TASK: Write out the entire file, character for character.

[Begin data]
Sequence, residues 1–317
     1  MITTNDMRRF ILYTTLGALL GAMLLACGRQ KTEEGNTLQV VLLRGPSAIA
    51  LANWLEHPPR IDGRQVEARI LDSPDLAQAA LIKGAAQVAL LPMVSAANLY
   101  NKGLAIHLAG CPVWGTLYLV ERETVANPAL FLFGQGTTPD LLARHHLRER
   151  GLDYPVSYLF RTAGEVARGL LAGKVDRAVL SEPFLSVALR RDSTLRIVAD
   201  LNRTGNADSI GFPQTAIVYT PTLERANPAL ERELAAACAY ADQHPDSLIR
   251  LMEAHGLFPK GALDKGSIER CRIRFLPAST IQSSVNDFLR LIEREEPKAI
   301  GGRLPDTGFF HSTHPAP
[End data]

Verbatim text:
Sequence, residues 1–317
     1  MITTNDMRRF ILYTTLGALL GAMLLACGRQ KTEEGNTLQV VLLRGPSAIA
    51  LANWLEHPPR IDGRQVEARI LDSPDLAQAA LIKGAAQVAL LPMVSAANLY
   101  NKGLAIHLAG CPVWGTLYLV ERETVANPAL FLFGQGTTPD LLARHHLRER
   151  GLDYPVSYLF RTAGEVARGL LAGKVDRAVL SEPFLSVALR RDSTLRIVAD
   201  LNRTGNADSI GFPQTAIVYT PTLERANPAL ERELAAACAY ADQHPDSLIR
   251  LMEAHGLFPK GALDKGSIER CRIRFLPAST IQSSVNDFLR LIEREEPKAI
   301  GGRLPDTGFF HSTHPAP